Effect of systemic glucagon administration on ACTH secretion in anaesthetized rats

in Journal of Endocrinology
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The effect of glucagon on ACTH secretion was studied in anaesthetized rats injected with either saline (0·1 ml i.m.) or glucagon (0·02 mg/kg i.m.). For the first 90 min after glucagon injection, plasma ACTH fell by 50% from the basal value of 23 ±4 pmol/l (mean ± s.e.m.) to 11 ±2 (P=0·011), after which an abrupt return to baseline occurred (120 min value: 26 ± 2 pmol/l). In saline injected rats, the baseline ACTH value was not significantly different from either the 90 min value or the 120 min value (27 ±3 vs 21 ± 4 and 24 ± 3 pmol/l respectively; P>0·10). Plasma glucose after glucagon peaked at 11·6 ± 1·1 mmol/l by 15 min but subsequently fell rapidly, attaining the baseline by 60 min. Insulin levels increased sharply after glucagon, from 381 ±78 pmol/l to 3172 ±668 pmol/l at 15 min, and plateaued at approximately 1000 pmol/l thereafter. No changes in glucose or insulin were seen in saline injected rats. The magnitude of suppression of ACTH after glucagon was not affected either by sustained hyperinsulinaemia (≃ 1400 pmol/l), induced with continuous glucose infusion to maintain plasma glucose>12 mmol/l, or by pretreatment with the long-acting somatostatin analogue octreotide (50 μg/kg s.c.). However, the return to baseline between 100 and 120 min was prevented both by hyperinsulinaemia induced with sustained hyperglycaemia, and by octreotide. It is postulated that glucagon may inhibit ACTH secretion either by a direct effect on the hypothalamus or indirectly through insulin, which is known to stimulate endogenous somatostatin release.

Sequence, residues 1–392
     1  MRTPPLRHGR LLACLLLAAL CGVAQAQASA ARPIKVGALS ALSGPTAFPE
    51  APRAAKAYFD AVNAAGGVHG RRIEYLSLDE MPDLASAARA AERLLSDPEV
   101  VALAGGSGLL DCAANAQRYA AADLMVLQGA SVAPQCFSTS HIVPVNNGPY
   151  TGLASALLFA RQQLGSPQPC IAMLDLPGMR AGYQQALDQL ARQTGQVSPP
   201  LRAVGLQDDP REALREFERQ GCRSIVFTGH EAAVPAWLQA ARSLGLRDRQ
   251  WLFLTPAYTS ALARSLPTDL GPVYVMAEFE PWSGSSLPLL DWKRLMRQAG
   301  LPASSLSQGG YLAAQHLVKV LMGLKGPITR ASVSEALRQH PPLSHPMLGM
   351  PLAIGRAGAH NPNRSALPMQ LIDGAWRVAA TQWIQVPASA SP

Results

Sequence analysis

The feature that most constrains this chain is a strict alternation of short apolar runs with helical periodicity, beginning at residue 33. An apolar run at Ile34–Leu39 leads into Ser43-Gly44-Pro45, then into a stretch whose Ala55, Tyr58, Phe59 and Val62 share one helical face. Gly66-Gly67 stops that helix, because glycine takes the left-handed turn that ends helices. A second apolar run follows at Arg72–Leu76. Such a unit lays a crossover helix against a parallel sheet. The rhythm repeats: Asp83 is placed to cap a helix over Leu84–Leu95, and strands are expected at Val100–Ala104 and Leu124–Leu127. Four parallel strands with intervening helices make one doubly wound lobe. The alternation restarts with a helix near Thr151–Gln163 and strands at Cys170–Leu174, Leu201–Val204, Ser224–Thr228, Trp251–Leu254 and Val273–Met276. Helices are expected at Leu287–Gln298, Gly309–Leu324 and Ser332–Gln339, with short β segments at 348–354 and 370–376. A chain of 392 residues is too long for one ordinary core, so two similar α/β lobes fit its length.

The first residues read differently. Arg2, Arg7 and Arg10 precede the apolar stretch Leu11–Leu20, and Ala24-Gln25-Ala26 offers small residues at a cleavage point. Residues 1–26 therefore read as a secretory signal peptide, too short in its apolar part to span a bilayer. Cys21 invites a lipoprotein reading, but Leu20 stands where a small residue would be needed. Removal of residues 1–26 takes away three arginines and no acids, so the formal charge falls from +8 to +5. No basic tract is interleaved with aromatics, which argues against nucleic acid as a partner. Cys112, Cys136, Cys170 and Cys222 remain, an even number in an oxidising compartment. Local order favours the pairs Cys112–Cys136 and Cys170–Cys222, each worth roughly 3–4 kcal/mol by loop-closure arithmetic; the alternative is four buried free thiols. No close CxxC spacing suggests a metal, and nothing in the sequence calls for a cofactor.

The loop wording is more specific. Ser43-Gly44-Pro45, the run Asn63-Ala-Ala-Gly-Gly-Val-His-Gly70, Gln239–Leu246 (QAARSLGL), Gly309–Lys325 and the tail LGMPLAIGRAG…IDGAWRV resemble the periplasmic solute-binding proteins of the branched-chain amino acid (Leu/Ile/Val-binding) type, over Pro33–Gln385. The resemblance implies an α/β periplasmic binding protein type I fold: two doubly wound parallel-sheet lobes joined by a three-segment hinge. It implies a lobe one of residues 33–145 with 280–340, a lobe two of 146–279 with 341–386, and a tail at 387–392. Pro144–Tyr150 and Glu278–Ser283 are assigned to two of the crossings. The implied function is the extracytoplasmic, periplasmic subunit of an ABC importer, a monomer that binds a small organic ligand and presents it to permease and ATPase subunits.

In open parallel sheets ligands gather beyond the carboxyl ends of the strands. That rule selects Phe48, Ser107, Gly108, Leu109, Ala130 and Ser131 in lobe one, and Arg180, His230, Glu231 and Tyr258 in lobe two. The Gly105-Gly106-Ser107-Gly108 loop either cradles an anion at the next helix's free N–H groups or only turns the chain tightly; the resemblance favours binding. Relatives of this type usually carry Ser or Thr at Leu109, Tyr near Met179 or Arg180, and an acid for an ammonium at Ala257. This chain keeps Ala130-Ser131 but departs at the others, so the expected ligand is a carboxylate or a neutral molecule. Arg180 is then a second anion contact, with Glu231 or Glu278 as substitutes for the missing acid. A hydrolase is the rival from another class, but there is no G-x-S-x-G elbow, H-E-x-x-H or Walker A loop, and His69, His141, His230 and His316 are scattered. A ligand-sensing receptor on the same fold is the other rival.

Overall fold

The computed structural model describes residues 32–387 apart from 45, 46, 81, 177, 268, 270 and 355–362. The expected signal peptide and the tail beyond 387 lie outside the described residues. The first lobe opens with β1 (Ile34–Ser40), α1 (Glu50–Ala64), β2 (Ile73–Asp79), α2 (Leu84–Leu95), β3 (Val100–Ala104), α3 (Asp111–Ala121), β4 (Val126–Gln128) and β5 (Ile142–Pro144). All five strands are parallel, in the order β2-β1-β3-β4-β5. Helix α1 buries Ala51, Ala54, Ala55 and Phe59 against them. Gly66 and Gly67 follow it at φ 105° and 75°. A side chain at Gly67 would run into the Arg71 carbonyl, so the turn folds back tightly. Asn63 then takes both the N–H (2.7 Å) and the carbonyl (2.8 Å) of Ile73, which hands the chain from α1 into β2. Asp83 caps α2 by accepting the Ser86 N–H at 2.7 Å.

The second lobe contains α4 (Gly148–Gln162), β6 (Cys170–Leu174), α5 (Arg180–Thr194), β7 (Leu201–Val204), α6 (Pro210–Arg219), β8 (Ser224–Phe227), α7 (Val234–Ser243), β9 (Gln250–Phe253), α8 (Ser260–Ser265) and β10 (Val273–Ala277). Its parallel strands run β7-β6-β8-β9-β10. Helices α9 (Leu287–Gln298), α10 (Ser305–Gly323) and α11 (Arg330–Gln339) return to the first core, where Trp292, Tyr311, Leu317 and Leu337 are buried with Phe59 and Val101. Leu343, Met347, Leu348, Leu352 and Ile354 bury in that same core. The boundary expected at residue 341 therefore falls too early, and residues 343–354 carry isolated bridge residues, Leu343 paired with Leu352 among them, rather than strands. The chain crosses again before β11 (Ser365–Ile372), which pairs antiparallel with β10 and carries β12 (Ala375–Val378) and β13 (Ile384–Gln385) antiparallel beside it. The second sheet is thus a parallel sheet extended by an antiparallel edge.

Journal of Endocrinology (1995) 145, 51–58


      Society for Endocrinology

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